It has been said that the soft-fork initially proposed to solve the whole DAO situation had a fatal attack vector that posed a danger to the whole network. I do not contest this fact, as it has been widely accepted, I'm just trying to understand it. The initial statement released was:
But the soft fork creates a denial of service attack vector which, if exploited, would prevent the network from processing valid transactions at negligible expense to the attacker. Specifically, an attacker can flood the network with transactions that execute difficult computation, and end by performing an operation on the DAO contract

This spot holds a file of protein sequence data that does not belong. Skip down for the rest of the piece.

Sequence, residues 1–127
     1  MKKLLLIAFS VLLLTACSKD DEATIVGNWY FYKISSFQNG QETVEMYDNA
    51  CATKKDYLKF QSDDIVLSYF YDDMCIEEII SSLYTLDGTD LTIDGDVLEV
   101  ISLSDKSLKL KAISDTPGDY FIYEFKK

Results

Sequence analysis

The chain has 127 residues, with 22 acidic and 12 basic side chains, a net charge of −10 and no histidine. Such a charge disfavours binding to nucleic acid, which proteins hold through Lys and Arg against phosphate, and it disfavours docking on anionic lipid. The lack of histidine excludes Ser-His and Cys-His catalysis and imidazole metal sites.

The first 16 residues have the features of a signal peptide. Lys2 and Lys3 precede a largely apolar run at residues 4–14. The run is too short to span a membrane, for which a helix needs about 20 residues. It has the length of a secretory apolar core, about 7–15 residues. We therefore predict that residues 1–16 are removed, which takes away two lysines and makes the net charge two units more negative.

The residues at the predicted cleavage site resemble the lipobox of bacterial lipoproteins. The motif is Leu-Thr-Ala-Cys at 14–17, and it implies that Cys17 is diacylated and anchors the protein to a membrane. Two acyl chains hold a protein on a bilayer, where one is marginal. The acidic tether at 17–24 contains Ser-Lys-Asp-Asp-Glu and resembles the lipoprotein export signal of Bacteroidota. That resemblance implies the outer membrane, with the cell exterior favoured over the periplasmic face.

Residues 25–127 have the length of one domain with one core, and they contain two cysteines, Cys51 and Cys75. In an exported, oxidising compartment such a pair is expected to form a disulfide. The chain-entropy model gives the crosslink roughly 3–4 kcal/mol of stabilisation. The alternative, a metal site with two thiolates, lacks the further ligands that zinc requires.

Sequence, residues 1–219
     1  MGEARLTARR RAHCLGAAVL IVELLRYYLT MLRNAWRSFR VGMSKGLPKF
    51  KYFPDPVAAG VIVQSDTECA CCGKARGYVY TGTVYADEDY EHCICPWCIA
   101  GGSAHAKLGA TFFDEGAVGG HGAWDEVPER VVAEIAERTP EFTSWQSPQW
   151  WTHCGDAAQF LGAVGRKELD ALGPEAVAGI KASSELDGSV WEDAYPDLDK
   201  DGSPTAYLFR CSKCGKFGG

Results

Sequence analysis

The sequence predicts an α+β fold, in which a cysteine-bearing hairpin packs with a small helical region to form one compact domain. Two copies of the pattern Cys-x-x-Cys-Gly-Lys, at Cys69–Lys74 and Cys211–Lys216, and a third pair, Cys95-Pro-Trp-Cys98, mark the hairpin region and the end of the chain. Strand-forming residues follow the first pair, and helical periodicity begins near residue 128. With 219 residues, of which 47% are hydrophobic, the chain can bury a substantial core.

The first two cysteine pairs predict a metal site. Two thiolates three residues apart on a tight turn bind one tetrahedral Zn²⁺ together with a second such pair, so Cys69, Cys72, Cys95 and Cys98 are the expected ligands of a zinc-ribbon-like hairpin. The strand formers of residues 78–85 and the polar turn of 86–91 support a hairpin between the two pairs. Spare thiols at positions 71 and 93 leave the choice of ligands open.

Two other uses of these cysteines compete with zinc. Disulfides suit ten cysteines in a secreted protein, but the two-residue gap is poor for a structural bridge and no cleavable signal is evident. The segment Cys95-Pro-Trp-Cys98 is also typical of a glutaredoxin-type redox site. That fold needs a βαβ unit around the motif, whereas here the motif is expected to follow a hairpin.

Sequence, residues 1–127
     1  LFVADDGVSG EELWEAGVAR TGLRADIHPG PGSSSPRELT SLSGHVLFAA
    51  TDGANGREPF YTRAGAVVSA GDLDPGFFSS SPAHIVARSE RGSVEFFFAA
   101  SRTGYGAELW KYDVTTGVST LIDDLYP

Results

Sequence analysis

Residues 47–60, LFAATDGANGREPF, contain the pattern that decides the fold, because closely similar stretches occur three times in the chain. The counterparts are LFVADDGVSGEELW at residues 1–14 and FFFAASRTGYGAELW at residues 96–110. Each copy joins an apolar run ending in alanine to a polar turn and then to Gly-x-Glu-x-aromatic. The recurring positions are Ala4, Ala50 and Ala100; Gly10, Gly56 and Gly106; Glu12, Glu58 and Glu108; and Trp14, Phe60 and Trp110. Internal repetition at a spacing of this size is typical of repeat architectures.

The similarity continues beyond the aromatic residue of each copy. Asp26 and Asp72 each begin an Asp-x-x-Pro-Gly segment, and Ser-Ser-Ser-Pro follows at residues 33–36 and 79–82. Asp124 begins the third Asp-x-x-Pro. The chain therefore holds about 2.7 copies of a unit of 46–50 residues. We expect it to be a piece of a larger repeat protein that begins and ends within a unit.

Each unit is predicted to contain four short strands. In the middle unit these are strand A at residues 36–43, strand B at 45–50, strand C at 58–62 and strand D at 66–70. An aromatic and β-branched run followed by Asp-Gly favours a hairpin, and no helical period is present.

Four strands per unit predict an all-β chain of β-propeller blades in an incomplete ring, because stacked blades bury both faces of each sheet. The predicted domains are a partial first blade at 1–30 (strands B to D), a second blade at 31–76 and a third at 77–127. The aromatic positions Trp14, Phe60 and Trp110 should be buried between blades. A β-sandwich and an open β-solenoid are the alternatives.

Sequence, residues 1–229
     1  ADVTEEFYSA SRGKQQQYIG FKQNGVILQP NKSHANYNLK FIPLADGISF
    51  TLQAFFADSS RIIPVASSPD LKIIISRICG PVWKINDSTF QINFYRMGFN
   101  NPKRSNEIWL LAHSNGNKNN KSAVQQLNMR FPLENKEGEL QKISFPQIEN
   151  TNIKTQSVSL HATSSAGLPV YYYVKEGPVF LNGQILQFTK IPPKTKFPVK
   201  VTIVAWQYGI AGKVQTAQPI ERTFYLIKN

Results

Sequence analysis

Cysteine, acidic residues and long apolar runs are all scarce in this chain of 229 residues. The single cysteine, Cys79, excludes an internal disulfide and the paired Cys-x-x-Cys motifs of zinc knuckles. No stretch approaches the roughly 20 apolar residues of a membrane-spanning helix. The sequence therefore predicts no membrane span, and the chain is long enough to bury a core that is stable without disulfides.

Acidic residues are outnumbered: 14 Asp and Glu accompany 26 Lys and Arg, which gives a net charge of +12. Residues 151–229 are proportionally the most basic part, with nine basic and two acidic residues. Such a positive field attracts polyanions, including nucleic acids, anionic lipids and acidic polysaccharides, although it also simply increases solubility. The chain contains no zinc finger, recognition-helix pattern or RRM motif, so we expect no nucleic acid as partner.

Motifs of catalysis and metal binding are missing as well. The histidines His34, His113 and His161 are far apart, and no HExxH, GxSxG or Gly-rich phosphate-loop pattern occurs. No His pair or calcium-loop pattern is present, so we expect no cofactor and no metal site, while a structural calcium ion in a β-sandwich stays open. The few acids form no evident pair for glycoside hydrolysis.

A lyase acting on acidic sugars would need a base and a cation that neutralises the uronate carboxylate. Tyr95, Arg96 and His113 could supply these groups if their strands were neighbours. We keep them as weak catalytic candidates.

But this seems at odds with this other excerpt:
Ethereum transactions are atomic - if an exception is thrown, all state transitions are reverted. The only exception to this rule (no pun intended) is gas payment - any gas used up until the OutOfGas exception is deducted and sent to the miners.
So it seems to me that the attack vector would not "come for free" for the attacker, who would still have to pay some gas to perform these useless operations. Assuming the gas used per operation is really proportional to the actual amount of work each node must perform, it would seem to me that in order to considerably pull off the attack it would still cost a considerable amount of resources. Wouldn't it?